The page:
Using the South Florida market as an example, Hawkins writes how a series of misses and mismanagement has led to the automaker’s current marketshare of 13.8-percent in the area. Example: Cadillac ads depicting cars cavorting in snow while the weather in Florida climbed past seventy degrees. Using Led Zepplin music. Or apparently not realizing that the word “Breakthrough” has no direct translation in Spanish, with regard to marketing to the burgeoning Cuban-Hispanic market. Or the difference between Cubans and Mexicans (the latter make up only 4-percent of the Hispanic population), with a Saturn ad featuring the Alamo.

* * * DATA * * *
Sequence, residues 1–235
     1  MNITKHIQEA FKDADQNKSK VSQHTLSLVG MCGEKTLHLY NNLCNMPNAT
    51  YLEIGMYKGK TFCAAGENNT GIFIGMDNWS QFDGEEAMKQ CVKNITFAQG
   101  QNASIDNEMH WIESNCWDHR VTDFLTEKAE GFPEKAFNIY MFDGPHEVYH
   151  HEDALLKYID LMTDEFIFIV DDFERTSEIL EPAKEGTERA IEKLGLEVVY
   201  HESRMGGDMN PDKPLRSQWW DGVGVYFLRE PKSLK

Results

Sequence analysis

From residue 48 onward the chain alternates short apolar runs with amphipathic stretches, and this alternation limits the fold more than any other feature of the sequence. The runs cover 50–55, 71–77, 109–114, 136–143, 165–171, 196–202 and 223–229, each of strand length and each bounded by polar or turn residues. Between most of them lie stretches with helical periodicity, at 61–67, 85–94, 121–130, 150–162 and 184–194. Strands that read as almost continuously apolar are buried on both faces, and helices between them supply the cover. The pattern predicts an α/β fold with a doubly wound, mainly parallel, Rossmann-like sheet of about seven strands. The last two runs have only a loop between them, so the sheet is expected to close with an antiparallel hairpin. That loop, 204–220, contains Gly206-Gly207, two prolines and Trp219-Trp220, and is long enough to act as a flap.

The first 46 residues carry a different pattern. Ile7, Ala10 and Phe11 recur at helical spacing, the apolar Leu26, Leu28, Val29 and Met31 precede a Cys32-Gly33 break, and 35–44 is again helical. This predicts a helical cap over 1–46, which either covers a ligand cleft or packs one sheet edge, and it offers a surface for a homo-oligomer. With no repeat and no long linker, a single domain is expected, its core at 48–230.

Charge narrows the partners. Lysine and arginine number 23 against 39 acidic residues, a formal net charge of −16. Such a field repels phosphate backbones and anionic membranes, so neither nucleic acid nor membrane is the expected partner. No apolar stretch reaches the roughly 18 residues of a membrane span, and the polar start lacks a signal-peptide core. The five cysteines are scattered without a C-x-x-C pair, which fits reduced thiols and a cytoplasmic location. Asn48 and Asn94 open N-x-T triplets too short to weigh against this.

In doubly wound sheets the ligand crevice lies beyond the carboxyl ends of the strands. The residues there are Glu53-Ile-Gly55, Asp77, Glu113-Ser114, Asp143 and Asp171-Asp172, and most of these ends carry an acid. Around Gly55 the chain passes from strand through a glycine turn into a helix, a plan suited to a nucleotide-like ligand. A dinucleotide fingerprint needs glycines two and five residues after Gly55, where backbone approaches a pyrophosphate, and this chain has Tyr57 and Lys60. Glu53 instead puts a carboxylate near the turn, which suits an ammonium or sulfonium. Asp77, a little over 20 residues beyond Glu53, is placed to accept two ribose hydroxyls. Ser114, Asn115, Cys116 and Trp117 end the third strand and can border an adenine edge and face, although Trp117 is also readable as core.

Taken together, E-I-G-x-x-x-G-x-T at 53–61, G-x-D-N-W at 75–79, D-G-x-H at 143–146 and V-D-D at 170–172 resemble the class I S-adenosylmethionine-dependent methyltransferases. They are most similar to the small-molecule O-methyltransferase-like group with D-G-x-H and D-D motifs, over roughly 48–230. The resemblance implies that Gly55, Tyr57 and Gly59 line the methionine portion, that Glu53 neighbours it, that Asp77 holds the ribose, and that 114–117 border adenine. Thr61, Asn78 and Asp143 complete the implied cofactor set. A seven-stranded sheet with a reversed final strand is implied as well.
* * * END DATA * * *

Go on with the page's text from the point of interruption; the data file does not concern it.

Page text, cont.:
(Continued after the jump)
GM has enjoyed some successes in the Floridian market with the Hummer and Solstice. But as niche vehicles, they generally don't bring as much money in when compared to volume sellers like Honda's Accord, one of the most popular vehicles in the state.
Other issues, such as GM’s bewildering ‘Matrix’ bureaucracy and historical ignorance of dealership pleas, are also discussed. But apparently there has been change: in 2005, GM’s share in South Florida rose by a credible 8.4-percent. And GM dealers currently feel they have better contact with the company itself.
"The whole organization is flatter than it used to be," said Doug Stevens, a sales manager in GM's Southeast region. "When I started out, there was no chance that I would have talked to the CEO or the vice president of sales and marketing."
[Source: The Wall Street Journal via the Pittsburgh Post-Gazette]